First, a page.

Which information technology will give me the best returns?

Many clients ask us that question. Frankly, there is no magical formula applicable to all businesses. For one business, investments in collaboration technologies yield a great benefit while another firm in the same industry might derive the greatest benefits from investments in implementing a tightly integrated financial management system.

Step back from trying to determine how IT can provide your firm with a strategic advantage. Instead, simply focus on tangible business concerns. One of the tools popular with many executives is the Balanced Scorecard approach, which was developed in the 1980s by Dr. David Norton and Dr. Robert Kaplan from Harvard Business School.

The Balanced Scorecard technique asks us to look at our business from multiple dimensions rather than a simplistic financial one. Similar to a pilot using multiple instruments to ensure proper flight operations, Norton and Kaplan proposed using four distinct dimensions to ensure business success—customer, financial, process and people. Defining strategic and operational business initiatives around these four dimensions provides a balanced and holistic approach toward growing the business.

Using the Balanced Scorecard methodology for technology planning and selection decisions, managers and business owners can ask themselves four simple questions in regards to any potential technology initiative:

  1. Can it enhance our customer experience? A major driver for many technology projects is to make it easier for your customers to do business with you. Whether they want to know their outstanding balance or order status on a 24/7 basis, ask yourself how your technology investments will help your customers perform their tasks better and cheaper. Making life easier for your customers results in increased customer loyalty.
  2. Can it improve our financial performance? Yes, the bottom line is still important. However, many system providers promise drastic cost cutting through the use of their products, which leads managers to be skeptical about whether they can truly deliver. Properly selected and deployed systems, nevertheless, can have a substantial impact on a company’s financial health. Technologies such as bar coding and document management, for instance, can reduce the need for low-skill workers while improving quality levels.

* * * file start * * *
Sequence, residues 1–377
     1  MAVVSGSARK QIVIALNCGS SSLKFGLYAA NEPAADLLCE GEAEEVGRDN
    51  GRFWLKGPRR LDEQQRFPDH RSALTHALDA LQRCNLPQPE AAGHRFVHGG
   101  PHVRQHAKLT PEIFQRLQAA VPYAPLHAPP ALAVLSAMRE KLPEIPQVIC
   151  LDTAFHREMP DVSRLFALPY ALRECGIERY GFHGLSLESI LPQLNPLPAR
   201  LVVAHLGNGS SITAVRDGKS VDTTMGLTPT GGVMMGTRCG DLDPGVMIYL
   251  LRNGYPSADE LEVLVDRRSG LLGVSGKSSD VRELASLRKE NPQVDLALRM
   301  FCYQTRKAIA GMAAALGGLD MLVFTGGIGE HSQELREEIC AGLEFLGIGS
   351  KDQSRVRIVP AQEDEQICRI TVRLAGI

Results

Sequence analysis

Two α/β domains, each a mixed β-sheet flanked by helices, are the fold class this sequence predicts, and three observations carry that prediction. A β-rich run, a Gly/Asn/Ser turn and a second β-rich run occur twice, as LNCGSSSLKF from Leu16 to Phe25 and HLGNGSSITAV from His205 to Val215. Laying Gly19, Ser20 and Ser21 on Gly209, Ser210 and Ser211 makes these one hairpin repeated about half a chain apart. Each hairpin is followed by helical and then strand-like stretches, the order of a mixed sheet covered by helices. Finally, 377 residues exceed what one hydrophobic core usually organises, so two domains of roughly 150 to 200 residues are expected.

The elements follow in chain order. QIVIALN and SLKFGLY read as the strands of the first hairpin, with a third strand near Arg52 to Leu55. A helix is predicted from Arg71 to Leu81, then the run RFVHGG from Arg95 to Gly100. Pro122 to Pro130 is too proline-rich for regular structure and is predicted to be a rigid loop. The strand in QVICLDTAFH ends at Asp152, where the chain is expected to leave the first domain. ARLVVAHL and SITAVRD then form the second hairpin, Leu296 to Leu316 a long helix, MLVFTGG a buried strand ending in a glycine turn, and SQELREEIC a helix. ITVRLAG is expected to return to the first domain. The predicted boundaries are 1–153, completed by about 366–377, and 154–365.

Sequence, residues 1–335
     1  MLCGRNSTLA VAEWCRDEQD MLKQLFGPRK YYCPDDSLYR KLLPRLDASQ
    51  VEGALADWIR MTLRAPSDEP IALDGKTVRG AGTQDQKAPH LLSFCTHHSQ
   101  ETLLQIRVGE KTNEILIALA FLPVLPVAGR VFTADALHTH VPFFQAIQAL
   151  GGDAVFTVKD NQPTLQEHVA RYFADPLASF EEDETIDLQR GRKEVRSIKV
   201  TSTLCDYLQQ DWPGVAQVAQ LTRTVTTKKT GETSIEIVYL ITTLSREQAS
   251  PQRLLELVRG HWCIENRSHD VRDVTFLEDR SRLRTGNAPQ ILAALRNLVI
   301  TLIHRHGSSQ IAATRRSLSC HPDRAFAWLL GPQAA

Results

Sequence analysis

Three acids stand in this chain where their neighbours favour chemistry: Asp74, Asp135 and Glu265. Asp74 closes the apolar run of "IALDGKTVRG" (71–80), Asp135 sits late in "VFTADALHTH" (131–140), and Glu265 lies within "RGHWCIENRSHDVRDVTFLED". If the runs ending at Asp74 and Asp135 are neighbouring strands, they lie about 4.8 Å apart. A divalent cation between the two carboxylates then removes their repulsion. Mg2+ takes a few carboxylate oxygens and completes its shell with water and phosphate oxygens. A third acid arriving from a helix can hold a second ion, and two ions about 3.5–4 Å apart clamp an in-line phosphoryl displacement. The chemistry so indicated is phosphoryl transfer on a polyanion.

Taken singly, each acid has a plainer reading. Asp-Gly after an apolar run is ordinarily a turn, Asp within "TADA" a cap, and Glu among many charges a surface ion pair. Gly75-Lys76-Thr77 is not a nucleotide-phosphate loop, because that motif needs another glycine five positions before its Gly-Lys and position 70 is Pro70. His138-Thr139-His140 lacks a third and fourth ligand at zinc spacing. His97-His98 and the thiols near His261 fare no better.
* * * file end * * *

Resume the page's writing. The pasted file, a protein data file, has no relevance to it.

3. Can it streamline our business processes? Well-designed systems should reduce duplication of efforts by creating a single-point-of-entry environment—the capability to enter information once and have it be accessible and used by many. More efficient processes allow you to get work done faster, smarter and with fewer errors. The same concept of internal operational efficiencies can be applied to making your external processes, such as dealing with suppliers, more tightly integrated and efficient.
  4. Can it increase our employees' capabilities? Good people demand good tools. Employees like to work with the latest technology and tools in order to get their work done more productively and keep up with the demands of the marketplace. No one likes to work with old, discontinued technologies. Having highly reliable and up-to-date systems will increase employee productivity and morale, and reduce turnover.

A major advantage of using a methodology such as the Balanced Scorecard for planning and selecting of IT projects is that you are starting from a pure business perspective, not a technological one. This approach enables you to focus on the larger business value proposition and avoid being intimidated by technological jargons and complexities.

I can assure you that when you consider implementing IT solutions by utilizing the above four dimensions in a rather tangible way, you will have yourself a winning proposition!

 

Sassan S. Hejazi can be reached at Email or 215.441.4600.